Google is the undisputed king of this, taking their core business and releasing products that are very different, but still tie back to the mothership by serving the little gold nuggets that are adsense ads. I think Adobe is doing something similar. Up until yesterday, they had been releasing concept applications that showcased their Flex 2 technology. NoteTag, which I talked about on ReadWrite/Web, was the most significant, but it required you to download and run the code on your own server. A hosted version was supposed to be forthcoming, but hasn't appeared yet.
JamJar is another story entirely. Described as the "Anti-MySpace" [pdf], it has the stated goal of filling a need for "shared paper" on the Internet. It allows for users to set up "spaces" and share files, information, and photos within those spaces. In very Google-esque fashion, the application serves up AdSense and has an invite feature. It also does a good job of showing off Adobe's technologies, specifically the real-time collaboration aspect of the Flex 2 line. Mike Potter has a good run down of why JamJar is Adobe's "First Web 2.0 Application".
But how does it tie back to what Adobe does best; shrink-wrapped software? Right now, the picture is cloudy. It showcases the technology, it's making some money off of Adsense, and it gets people to download FlashPlayer 9, but those don't really tie back to Adobe's core business. Here's what I think: Much like Google, Adobe will continue to release these hosted applications. In order to drive adoption of their core products, Adobe will open up these web applications so that Flex developers can tie into them and create widgets or addons. In theory, Adobe can provide a large infrastructure, with significant user base, and people can buy Flex Builder to create content and tie ins for these hosted services.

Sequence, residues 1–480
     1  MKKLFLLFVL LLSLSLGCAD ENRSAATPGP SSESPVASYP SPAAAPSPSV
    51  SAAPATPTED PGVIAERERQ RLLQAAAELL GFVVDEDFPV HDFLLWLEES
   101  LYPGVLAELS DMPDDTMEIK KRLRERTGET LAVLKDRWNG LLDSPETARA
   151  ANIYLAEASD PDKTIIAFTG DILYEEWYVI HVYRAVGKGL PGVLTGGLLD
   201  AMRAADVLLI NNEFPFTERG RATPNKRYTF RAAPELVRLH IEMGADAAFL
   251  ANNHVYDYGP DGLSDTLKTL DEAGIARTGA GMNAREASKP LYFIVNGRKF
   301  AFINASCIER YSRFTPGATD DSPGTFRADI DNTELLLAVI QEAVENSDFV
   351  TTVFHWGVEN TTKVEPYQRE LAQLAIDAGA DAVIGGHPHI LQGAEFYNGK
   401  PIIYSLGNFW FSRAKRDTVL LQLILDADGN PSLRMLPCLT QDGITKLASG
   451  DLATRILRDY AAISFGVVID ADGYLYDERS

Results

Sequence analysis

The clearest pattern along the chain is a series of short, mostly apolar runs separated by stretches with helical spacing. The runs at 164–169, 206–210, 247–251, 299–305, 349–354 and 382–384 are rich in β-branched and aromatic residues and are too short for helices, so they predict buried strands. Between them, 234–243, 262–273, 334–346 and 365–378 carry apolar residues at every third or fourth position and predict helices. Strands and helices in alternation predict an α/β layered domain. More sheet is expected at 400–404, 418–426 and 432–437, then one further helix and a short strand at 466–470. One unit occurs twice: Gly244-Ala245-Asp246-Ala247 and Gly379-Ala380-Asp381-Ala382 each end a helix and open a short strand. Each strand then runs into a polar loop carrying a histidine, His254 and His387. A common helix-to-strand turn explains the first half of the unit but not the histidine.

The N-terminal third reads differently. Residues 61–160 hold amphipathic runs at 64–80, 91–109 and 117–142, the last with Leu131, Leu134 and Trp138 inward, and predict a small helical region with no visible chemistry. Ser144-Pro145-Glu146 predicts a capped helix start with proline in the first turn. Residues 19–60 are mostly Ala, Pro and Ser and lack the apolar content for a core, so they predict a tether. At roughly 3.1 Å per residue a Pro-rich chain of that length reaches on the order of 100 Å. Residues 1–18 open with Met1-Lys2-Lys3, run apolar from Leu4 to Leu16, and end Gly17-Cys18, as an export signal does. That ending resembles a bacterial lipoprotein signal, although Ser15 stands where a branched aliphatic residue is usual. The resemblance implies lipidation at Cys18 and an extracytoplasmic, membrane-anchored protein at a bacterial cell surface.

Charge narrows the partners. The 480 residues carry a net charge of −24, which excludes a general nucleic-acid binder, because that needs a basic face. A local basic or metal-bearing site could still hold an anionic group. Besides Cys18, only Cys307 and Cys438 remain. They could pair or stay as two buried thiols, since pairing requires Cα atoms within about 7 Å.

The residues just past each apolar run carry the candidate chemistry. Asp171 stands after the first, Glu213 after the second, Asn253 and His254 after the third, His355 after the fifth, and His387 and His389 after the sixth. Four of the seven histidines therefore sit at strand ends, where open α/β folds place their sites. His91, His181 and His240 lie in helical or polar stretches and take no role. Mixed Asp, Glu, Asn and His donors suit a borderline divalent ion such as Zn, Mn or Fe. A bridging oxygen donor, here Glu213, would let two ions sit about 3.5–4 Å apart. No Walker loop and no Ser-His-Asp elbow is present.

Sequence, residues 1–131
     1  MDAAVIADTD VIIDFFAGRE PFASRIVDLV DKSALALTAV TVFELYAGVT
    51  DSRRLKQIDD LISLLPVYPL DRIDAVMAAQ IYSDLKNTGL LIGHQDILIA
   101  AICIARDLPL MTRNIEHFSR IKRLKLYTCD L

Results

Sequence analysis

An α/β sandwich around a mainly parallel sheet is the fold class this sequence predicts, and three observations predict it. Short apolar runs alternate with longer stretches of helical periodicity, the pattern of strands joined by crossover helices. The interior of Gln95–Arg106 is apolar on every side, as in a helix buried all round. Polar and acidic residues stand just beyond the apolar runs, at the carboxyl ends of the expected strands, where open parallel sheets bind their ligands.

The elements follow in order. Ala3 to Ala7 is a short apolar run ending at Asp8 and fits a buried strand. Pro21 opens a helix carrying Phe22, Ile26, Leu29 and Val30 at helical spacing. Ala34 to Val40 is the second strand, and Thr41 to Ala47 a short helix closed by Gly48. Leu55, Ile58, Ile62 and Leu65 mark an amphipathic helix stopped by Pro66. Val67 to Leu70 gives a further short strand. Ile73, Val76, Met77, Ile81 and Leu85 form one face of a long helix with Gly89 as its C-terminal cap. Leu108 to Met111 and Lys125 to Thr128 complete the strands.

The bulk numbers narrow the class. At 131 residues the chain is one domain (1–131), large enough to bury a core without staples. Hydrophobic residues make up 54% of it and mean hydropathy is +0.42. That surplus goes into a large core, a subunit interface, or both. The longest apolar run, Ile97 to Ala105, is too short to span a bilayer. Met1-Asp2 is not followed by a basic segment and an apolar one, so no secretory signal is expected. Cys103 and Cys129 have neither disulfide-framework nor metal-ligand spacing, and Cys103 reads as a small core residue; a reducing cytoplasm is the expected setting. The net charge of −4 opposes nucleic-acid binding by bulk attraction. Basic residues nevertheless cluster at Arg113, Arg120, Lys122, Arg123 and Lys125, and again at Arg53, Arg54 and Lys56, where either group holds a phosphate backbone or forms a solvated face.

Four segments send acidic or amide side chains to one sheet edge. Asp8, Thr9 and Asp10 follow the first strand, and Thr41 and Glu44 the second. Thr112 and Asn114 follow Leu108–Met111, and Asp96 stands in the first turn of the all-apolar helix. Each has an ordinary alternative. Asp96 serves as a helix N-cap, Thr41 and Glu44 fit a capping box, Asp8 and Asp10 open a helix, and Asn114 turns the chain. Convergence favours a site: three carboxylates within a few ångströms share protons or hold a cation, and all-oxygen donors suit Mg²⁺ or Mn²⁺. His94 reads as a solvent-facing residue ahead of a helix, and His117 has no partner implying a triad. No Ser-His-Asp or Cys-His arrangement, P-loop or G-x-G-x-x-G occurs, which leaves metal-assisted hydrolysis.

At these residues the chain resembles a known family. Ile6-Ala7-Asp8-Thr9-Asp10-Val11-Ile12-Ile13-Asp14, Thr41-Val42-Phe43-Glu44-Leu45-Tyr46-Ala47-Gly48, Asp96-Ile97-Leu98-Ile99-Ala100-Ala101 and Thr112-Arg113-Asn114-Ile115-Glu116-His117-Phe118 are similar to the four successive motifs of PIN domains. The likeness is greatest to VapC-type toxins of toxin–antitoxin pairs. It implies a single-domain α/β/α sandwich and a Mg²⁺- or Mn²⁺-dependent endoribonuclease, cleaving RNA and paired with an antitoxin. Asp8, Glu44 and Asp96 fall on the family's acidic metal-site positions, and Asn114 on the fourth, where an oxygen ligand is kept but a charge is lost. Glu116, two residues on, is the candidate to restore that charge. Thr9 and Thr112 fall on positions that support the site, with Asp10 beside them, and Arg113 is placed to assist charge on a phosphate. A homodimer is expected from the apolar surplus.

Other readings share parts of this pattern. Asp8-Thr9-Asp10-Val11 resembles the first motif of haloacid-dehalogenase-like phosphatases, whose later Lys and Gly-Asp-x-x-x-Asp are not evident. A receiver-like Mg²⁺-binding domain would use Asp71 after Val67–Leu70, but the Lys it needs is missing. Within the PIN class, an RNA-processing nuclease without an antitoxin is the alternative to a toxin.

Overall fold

It drives adoption of Flex Builder, it showcases the technology, and it makes Adobe a player in the web application space. They won't aim for the "web office" like Google seems to be doing, but they do have a huge head start in the collaboration world, and JamJar shows how they can take advantage of that. Make no mistake, this is a test run, but there have to be minds at Adobe thinking way beyond this test run and seeing Google as a good company to emulate.